There are rumors that the road between Khan Yunis and Rafah is being closed now. This would suggest that an incursion into Rafah or Khan Yunis is imminent. An employee at the Internet Cafe where I’m writing this asked me if I brought my camera (I’m currently trapped in Rafah because the north-south checkpoints in Gaza are closed). He said he hopes that I will see everything if there is an incursion here… but that meanwhile they’ll just wait to welcome the invaders.
Last night there was a lot of gunfire outside the camp. People said today there had been a lot of shooting so I wasn’t imagining it (every loud noise around here awakens paranoia that something is about to happen or is happening. The psychological effect of waiting and not knowing is horrible). Helicopters were scouting out the area last night and this morning, too.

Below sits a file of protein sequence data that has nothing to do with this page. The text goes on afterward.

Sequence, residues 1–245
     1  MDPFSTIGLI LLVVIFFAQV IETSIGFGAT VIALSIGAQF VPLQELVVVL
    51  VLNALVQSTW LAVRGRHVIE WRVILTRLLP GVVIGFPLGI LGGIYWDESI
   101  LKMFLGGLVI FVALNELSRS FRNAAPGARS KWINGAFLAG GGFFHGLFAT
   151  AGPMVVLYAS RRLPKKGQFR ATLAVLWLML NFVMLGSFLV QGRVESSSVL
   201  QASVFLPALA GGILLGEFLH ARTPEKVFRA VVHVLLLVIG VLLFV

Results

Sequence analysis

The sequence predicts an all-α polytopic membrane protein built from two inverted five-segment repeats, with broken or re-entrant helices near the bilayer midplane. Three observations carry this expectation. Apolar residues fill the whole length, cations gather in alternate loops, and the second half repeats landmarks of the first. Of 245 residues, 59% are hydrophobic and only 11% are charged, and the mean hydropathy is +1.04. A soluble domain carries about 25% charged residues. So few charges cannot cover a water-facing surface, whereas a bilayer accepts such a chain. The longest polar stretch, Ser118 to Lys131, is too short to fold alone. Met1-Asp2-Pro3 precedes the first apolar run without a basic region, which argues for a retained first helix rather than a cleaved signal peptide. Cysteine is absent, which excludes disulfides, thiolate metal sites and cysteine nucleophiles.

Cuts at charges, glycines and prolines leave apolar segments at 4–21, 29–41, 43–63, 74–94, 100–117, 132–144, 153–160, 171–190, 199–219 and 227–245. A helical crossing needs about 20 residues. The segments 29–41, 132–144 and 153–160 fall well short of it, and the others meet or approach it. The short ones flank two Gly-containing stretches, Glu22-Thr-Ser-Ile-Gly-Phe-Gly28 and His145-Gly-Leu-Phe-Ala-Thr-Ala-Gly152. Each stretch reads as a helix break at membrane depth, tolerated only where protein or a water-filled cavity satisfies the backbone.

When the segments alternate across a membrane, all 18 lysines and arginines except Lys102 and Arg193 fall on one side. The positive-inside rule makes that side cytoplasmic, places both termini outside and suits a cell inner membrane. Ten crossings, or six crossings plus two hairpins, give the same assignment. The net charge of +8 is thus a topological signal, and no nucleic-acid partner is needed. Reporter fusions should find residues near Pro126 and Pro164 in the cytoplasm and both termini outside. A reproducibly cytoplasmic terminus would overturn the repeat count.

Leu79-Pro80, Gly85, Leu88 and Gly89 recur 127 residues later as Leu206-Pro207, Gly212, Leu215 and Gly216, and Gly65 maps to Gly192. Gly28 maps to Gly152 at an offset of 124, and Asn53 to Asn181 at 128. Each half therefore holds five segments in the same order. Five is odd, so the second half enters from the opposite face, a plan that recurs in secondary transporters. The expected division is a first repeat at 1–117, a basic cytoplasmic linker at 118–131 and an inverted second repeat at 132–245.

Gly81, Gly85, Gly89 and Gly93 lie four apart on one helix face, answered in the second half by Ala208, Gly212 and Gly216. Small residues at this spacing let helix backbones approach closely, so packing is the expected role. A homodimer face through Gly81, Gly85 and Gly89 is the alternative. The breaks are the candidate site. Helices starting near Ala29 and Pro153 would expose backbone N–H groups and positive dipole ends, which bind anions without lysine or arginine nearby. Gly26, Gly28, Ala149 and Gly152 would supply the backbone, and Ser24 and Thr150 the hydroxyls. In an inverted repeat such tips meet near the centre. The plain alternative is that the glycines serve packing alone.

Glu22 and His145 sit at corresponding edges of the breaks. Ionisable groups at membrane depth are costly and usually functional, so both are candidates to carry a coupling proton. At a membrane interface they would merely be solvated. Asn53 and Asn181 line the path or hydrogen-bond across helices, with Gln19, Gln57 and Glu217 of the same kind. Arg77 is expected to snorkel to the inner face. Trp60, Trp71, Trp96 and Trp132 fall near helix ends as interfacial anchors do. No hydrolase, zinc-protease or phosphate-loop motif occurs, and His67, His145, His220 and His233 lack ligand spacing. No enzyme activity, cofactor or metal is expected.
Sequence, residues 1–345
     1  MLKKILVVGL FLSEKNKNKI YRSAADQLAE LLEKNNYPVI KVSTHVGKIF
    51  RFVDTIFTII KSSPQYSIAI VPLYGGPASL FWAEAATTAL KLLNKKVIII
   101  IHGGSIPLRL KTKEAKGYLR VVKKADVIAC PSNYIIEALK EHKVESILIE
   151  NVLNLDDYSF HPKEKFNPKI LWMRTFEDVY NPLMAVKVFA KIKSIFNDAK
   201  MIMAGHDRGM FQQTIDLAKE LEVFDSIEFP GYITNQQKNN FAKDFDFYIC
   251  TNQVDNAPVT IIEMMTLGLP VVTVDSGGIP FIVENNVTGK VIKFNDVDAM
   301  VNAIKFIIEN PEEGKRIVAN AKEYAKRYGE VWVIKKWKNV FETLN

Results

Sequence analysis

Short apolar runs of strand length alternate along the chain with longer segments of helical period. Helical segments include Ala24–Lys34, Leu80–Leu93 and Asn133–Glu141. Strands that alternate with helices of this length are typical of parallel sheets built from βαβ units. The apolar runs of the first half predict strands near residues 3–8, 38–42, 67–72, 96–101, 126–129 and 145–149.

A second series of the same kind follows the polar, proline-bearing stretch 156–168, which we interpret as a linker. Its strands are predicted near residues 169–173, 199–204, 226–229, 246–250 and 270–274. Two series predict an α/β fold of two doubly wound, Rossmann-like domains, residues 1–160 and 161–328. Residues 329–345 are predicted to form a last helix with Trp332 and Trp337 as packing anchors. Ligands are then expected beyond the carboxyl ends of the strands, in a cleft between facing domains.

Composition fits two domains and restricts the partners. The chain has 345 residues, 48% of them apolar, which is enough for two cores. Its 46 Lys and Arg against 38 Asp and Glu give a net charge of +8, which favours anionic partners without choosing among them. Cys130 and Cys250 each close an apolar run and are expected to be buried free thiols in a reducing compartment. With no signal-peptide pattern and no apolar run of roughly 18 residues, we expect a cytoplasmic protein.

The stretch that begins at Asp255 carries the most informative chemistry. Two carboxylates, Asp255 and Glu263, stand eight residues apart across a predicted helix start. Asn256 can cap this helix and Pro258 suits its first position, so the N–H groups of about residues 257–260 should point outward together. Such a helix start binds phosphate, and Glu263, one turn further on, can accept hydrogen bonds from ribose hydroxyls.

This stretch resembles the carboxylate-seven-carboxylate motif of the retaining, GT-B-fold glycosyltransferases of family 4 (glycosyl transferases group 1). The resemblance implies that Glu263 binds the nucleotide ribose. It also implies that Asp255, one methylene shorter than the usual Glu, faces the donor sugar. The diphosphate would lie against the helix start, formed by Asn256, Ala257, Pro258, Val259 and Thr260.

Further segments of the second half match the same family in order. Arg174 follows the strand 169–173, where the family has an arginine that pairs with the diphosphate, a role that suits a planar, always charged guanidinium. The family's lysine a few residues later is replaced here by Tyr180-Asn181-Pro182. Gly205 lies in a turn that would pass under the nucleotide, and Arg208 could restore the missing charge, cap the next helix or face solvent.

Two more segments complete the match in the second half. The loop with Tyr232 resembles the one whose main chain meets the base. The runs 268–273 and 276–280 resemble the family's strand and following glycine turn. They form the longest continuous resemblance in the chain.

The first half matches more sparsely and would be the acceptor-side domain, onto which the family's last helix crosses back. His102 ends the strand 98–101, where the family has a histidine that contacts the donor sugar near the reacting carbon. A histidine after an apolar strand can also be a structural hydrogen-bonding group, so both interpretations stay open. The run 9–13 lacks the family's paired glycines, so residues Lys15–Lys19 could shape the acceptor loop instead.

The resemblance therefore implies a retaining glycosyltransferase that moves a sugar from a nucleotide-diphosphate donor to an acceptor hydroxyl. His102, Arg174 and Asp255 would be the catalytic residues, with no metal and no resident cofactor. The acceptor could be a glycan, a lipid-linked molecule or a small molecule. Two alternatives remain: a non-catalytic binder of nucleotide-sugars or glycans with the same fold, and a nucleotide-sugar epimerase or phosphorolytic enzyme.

Today the body of a Rafah man killed last night by IDF soldiers had to be left in the open field where he was shot. No one is allowed to go get the man and bury him. No doubt he has a contagious terrorist virus that will affect anyone within 100 meters of him.
This morning hundreds of girls from the girls’ schools here demonstrated in solidarity with the people of Jenin. The streets were unpassable for a long time while they marched. It was an unexpected sight but says how politicized the people here are. I mean, these were not mostly male teen-agers and adults carrying machine guns, signs, and shouting slogans; they were schoolgirls from primary and secondary schools. The energy in the crowd far surpassed anything I’ve experienced in demonstrations in the US, but then I hear that’s changing. I hope so.
I hear the PLO office in DC was closed down because they were late paying their rent. Oh, and that Ariel Sharon is “committed to peace”.
The ability to maintain a sense of humor here is necessary for survival; or so I’m discovering.